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Feed My Sheep

Date: Jun. 15, 2012

Author: Bob Henkins

John 21:1-25

Key Verse: John 21:15

“When they had finished eating, Jesus said to Simon Peter, “Simon son of John, do you truly love me more than these?” “Yes, Lord,” he said, “you know that I love you.” Jesus said, “Feed my lambs.”

We began studying John’s gospel last August and we are going to reach its conclusion today. I thank God for the blessing and privilege he’s given to study his word. And as we wrap up this book, we get to see the author’s point of all he recorded. What we studied in chapters 1 to 20, were things to be believed: Who is Jesus? Where did he come from? How did he live? How did he die? What has he done? But chapter 21 is different. This chapter teaches us how we are to respond to what we have come to believe. Some people think that once you believe in Jesus you’re done. However John tells us that believing in Jesus is really only the beginning because after that we have a lot of work to do.

After we have confessed our belief in Jesus, hopefully most of us will still have many years left on earth, so then what are we to do with all the time that we have left? In chapter 21 John addresses this, as he records Jesus commissioning his people for the purpose of carrying out God’s work. Our belief needs to be converted into action. It needs to move from our head to our hands. To transform from theological into practical because Jesus is more than a concept, he is living and active and present in the daily activities of his people. So that’s where we find ourselves today and it happened this way...

Let’s begin with verses 2-4. “Simon Peter, Thomas (called Didymus), Nathanael from Cana in Galilee, the sons of Zebedee, and two other disciples were together. 3 “I’m going out to fish,” Simon Peter told them, and they said, “We’ll go with you.” So they went out and got into the boat, but that night they caught nothing.” According to Matthew, the Sea of Tiberius was the place that Jesus planned to rendezvous with them after his resurrection. As some of the disciples were waiting for Jesus to meet them, they didn’t know what to do. So Peter decides to go fishing and the others follow him. Peter is a natural born leader. It was his gift, his God given ability. He doesn’t force anyone to go, he doesn’t even ask them, he just does something or goes somewhere and others follow him. However when we look at this small snap shot of their life, we catch a glimpse of what life is like without Christ. That night they caught nothing. Life without Jesus is meaningless and empty. This is not how it is supposed to be. Jesus came to give us life to the full, (Jn 10) not half way or some cheap substitute. He came so that we could have real life, meaningful life, fruitful life. After spending more than 3 years with Jesus the disciples were now experiencing life without Christ and it seems as if they didn’t know what to do anymore. They were wandering and couldn’t succeed at things they used to be good at because they were caught between two worlds, their old life and their life with Christ.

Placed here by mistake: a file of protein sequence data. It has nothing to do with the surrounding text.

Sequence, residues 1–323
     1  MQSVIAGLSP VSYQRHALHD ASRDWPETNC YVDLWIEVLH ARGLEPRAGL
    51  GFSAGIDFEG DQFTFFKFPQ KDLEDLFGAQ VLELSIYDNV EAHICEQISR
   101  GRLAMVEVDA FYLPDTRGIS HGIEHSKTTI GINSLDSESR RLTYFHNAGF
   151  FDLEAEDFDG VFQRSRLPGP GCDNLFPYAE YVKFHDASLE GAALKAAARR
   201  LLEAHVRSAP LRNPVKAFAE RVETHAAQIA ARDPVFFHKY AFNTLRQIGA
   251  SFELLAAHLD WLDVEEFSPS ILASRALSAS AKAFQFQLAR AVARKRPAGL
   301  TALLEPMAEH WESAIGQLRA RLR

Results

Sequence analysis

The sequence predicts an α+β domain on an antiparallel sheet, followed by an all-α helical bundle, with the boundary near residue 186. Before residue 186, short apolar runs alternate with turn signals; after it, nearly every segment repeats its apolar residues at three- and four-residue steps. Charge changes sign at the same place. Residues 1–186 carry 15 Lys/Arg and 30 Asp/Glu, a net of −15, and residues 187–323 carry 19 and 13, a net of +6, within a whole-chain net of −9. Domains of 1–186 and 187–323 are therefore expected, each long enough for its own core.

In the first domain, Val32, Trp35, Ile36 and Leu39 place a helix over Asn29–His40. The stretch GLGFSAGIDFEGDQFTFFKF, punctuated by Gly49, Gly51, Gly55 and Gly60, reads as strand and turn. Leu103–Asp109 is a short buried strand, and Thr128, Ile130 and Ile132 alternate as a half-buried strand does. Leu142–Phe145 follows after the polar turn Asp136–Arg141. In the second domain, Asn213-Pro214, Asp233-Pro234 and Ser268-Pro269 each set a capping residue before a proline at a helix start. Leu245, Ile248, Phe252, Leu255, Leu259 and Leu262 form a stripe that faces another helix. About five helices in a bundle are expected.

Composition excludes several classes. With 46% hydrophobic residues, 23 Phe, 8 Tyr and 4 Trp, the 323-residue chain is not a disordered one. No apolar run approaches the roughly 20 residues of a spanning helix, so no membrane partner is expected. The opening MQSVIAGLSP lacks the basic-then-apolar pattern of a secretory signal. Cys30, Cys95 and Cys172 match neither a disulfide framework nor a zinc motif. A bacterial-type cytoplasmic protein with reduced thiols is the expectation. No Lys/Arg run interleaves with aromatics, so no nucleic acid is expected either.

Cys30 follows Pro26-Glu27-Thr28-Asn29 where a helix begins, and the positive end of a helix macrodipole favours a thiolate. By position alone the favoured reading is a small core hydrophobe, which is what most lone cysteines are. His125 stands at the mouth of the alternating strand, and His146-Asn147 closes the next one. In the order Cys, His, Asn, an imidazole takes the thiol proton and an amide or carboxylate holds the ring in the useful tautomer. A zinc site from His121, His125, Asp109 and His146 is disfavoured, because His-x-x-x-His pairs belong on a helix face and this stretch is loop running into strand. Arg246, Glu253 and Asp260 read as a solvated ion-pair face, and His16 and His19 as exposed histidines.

However when Jesus entered their life again things began to change. Take a look at verses 4-6. “Early in the morning, Jesus stood on the shore, but the disciples did not realize that it was Jesus. 5 He called out to them, “Friends, haven’t you any fish?” “No,” they answered. 6 He said, “Throw your net on the right side of the boat and you will find some.” When they did, they were unable to haul the net in because of the large number of fish.” Here’s an example of how Jesus wanted to bless their lives to the full. He gave them an over flowing catch of fish.

The next thing you know, John realizes that it’s Jesus on the shore and then everything turns in to chaos and Peter jumps into the water because he couldn’t get to Jesus fast enough. Verses 9- 14. “When they landed, they saw a fire of burning coals there with fish on it, and some bread.
10 Jesus said to them, “Bring some of the fish you have just caught.” 11 Simon Peter climbed aboard and dragged the net ashore. It was full of large fish, 153, but even with so many the net was not torn. 12 Jesus said to them, “Come and have breakfast.” None of the disciples dared ask him, “Who are you?” They knew it was the Lord. 13 Jesus came, took the bread and gave it to them, and did the same with the fish. 14 This was now the third time Jesus appeared to his disciples after he was raised from the dead.” After a short while all of them end up on the shore and Jesus is there waiting for them with a hot breakfast. It is interesting that ministry in the New Testament begins with a meal. It has it’s seedlings here with the interaction of Jesus and his disciples as he serves them breakfast. Christianity is founded upon hospitality, friendship, and people loving each other in meaningful and practical ways. Why do we go through the effort and expense to have lunch every Sunday? It’s not easy to prepare a meal for 30-40 people. However each week a different family labors, uses their own money, just so that we can eat together after the service. We don’t do this because have to, we do it because we love each other and this is one way in which we can practically show it. I think it’s beautiful and I thank God for everyone who serves because they really are a blessing.